In 1967, as a staff writer and columnist for the Miami Herald, I wrote a piece on Fidelito, who was a teenager then. The article had a gloomy tone. It started like this:
“Fidelito, a shy, dark-haired youth, once was the most popular boy in Cuba. But time and circumstances have brought a change in fortunes for Fidel Castro Jr. Today, at 17 and living under an assumed name, Fidelito is a forgotten figure and virtual prisoner in the country his father rules.”
For some reason known only to him, Castro always showed little affection for his son, once making a habit of refusing to see wife Mirtha Díaz-Balart and Fidelito when they came to visit at the Isle of Pines prison where he was jailed in the mid 1950s.
Castro’s aloofness from the boy brought him closer to his mother, a woman in her late 30s in 1967 who remarried in 1956. Fidelito lived much of his early life with his mother and her new husband, lawyer Emilio Núñez Blanco. Life was good with his mom and stepfather at Tarará Beach, east of Havana.
But then Castro seized power on Jan. 1, 1959, and claimed the boy. A life of hell began for Fidelito. He went from one boarding school to another. His name was changed several times. At boarding school both in Cuba and Moscow he finally yielded to communist indoctrination — much to his mother’s disdain — after showing earlier contempt for the doctrine.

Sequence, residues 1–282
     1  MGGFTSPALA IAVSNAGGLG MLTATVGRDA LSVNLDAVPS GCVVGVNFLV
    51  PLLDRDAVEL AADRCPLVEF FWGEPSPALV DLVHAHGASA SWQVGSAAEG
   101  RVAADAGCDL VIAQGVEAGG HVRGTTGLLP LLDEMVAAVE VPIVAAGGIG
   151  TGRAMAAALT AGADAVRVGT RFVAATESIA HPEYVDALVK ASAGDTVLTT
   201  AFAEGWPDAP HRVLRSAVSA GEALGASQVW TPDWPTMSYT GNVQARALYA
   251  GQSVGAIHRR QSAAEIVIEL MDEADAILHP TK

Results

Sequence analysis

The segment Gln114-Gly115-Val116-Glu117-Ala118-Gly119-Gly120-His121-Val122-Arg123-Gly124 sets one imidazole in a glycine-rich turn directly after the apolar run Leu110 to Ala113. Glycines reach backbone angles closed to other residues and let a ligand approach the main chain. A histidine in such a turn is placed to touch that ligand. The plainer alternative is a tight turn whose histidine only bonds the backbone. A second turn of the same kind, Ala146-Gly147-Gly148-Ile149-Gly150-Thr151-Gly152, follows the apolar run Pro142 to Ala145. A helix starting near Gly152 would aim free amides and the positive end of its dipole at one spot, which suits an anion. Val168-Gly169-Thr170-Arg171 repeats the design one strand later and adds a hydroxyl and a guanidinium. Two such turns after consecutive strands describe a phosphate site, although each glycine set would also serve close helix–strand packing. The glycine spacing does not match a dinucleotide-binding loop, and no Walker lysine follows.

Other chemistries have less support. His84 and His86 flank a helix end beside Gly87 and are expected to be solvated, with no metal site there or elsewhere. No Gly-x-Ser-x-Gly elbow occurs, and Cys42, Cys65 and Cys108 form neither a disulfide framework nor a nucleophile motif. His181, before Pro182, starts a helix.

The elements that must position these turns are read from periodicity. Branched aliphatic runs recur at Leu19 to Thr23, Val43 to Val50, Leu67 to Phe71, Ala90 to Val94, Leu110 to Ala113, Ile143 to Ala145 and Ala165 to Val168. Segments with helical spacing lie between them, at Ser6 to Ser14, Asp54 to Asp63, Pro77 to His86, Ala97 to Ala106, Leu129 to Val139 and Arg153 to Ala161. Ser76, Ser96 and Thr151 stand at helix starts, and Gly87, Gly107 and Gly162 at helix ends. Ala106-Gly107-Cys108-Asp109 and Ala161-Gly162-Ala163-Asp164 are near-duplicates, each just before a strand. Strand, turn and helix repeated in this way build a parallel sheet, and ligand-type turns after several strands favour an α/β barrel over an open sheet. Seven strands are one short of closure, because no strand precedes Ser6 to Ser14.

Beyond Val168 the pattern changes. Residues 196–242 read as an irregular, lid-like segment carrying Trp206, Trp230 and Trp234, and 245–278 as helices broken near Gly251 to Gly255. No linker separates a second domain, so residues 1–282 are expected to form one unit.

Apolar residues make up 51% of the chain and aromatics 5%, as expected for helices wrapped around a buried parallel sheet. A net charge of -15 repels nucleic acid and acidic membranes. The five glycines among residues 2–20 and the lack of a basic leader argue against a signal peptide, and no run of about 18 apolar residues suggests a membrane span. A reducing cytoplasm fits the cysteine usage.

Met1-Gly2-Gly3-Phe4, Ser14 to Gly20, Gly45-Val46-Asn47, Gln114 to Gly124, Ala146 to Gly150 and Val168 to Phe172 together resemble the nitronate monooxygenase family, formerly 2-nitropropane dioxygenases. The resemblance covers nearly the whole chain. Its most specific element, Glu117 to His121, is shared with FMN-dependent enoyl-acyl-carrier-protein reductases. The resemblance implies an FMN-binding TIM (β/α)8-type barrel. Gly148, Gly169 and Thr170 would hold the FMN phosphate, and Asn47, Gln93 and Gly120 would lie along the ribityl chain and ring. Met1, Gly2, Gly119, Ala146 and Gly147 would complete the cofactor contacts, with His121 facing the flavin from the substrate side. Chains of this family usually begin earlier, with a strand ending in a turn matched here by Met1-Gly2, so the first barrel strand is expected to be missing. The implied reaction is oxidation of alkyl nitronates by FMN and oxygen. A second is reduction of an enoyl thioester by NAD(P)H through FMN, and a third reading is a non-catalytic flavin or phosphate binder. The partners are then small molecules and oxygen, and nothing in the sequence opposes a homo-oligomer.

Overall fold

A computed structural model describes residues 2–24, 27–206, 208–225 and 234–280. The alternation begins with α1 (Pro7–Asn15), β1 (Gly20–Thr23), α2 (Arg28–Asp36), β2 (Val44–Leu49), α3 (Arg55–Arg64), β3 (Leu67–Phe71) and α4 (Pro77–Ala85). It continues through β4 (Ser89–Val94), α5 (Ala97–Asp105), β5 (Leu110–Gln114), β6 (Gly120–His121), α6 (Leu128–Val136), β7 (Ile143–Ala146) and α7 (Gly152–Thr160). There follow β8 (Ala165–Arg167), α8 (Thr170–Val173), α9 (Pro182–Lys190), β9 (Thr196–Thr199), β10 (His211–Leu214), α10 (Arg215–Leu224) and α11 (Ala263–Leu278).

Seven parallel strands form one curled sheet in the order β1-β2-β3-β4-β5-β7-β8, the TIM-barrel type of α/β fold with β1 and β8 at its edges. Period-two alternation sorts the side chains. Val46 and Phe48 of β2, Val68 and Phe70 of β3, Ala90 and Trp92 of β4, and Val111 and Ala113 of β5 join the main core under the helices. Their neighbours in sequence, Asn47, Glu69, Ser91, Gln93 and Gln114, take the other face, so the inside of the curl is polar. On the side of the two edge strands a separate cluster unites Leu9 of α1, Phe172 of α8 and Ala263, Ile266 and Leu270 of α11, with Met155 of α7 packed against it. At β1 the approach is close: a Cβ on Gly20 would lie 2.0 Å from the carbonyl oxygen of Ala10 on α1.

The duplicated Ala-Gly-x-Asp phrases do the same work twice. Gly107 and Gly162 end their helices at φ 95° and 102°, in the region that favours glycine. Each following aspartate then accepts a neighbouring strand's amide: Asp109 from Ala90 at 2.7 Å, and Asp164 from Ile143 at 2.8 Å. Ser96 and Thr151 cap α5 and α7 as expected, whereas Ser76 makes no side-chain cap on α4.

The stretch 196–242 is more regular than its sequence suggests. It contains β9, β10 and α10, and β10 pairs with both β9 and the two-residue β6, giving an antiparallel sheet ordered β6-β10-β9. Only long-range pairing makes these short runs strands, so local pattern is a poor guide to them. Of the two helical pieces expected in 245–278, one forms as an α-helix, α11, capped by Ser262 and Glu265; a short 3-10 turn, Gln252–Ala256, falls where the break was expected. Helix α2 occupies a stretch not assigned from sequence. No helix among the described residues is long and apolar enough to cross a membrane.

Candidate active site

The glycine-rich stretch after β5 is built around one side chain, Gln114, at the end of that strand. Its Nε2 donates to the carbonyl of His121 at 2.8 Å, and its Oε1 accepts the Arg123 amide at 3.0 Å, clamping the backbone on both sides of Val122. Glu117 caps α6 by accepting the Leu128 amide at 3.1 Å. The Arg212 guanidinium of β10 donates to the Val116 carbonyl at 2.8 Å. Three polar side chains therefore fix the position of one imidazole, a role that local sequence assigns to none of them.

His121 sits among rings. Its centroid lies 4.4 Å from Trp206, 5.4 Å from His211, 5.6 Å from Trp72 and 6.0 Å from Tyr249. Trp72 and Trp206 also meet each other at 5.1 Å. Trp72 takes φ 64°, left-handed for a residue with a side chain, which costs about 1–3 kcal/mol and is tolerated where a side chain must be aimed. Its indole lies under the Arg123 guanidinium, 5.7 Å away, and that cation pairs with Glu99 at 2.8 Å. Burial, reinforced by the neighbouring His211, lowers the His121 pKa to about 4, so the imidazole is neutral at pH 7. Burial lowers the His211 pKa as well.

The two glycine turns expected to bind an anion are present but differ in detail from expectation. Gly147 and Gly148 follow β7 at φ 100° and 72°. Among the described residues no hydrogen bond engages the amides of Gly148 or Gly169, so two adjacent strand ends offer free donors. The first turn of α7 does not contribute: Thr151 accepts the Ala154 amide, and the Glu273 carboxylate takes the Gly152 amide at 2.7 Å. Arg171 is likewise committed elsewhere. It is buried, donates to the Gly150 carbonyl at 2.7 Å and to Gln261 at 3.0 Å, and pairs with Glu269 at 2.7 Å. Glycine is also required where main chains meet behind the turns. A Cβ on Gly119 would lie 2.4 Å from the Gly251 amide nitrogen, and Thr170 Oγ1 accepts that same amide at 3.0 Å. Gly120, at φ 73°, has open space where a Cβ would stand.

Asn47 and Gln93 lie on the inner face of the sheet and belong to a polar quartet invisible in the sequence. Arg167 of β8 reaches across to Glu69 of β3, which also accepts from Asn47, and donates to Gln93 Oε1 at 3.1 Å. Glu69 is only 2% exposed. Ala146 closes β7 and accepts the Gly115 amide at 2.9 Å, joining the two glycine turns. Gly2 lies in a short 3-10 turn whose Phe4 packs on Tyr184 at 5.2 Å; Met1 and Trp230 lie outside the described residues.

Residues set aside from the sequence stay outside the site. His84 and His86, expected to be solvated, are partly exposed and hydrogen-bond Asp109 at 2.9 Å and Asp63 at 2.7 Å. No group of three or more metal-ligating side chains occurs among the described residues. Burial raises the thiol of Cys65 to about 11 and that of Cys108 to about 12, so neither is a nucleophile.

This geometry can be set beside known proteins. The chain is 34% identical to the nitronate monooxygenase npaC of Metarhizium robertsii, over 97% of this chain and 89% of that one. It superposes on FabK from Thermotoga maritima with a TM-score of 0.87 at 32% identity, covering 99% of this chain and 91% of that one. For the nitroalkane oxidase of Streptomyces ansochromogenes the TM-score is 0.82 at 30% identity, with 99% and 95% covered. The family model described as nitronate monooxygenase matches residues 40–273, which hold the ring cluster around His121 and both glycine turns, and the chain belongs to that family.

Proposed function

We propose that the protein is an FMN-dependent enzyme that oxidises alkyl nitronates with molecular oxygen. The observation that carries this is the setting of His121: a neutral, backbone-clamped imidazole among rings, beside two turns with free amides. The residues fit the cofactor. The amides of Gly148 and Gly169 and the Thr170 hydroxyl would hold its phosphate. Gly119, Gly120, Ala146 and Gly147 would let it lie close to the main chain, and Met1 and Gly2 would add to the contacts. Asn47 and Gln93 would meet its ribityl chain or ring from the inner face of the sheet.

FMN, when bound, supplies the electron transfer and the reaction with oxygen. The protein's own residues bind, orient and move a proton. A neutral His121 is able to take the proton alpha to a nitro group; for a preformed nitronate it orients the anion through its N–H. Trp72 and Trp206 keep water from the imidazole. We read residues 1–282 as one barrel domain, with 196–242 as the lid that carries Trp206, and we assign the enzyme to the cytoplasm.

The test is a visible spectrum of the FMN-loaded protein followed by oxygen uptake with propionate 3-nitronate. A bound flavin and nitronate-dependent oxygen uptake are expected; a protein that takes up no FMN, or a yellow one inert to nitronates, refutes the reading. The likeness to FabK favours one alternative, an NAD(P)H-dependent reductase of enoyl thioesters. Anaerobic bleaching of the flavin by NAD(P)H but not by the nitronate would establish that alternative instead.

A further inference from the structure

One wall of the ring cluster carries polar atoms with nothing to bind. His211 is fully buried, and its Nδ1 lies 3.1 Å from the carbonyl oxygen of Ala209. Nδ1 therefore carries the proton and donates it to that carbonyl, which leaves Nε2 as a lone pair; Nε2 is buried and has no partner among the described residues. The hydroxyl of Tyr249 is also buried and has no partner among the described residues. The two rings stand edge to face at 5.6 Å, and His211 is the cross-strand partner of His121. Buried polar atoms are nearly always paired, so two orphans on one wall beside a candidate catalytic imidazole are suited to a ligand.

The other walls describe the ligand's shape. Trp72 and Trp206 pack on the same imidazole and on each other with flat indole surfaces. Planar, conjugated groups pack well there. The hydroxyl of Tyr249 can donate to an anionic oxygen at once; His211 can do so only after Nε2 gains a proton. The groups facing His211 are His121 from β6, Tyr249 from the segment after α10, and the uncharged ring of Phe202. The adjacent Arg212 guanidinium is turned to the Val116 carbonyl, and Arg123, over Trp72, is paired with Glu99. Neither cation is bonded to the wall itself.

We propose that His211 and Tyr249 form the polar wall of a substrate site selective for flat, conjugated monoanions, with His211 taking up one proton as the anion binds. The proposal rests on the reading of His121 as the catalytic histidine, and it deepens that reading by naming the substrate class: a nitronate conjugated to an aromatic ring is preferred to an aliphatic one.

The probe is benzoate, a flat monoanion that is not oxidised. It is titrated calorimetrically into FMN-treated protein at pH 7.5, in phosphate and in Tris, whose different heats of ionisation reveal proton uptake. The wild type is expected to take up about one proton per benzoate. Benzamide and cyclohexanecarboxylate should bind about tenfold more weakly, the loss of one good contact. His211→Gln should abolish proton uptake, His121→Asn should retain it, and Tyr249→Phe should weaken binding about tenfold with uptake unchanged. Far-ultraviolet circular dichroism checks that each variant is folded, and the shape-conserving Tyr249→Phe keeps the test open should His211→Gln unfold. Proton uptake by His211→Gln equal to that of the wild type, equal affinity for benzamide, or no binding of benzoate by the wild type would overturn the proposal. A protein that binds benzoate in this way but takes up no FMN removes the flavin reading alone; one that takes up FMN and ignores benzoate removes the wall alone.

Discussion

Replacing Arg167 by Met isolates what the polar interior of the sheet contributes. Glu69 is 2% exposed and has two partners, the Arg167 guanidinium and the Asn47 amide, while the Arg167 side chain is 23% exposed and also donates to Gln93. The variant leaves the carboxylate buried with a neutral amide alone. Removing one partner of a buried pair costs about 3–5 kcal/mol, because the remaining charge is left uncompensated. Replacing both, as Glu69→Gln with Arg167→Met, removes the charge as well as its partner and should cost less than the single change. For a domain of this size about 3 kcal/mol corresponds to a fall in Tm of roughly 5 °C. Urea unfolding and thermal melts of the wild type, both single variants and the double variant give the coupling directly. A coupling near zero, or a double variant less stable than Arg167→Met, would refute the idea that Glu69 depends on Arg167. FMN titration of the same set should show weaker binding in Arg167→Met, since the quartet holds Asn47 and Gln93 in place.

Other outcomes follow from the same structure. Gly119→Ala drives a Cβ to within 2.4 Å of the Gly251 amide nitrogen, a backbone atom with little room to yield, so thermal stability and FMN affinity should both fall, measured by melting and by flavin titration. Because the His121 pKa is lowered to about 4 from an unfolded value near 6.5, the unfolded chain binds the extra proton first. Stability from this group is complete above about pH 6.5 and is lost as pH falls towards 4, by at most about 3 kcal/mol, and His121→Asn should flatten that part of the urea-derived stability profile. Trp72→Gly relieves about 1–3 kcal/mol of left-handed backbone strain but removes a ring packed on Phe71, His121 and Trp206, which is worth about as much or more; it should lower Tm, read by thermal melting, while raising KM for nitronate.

With Castro now controlling both Cuba and the boy, Mirtha and her husband moved to Madrid, Spain with their two baby daughters. My wife Olga and I visited with Mirtha and her husband in Madrid often. Always, Fidelito remained the love of her life. He would telephone her from Havana weekly, and once even called while we were at the apartment.
Today, Mirtha is 90 years old and frail and living again in Havana as a single mother. She once told a common friend that Fidelito and his two half sisters were what were keeping her alive. Back in Havana, Fidelito visited daily and looked after her with a passion after his father grandly turned his back on him (Castro once put Fidelito under house arrest after publicly firing him for “incompetence” as head of Cuba’s nuclear power program).
Fidelito is now tragically missing from Mirtha’s life. Maybe her head is not what it once was, and she hasn’t been told yet. But she will soon notice that her boy is no longer visiting daily, and bringing along his own children. And that could prove too much for Mirtha’s strong, tired heart.
To read the full article from 1967, click here.
Carlos Martínez Barraqué, who worked for the Miami Herald in the 1960s, is retired.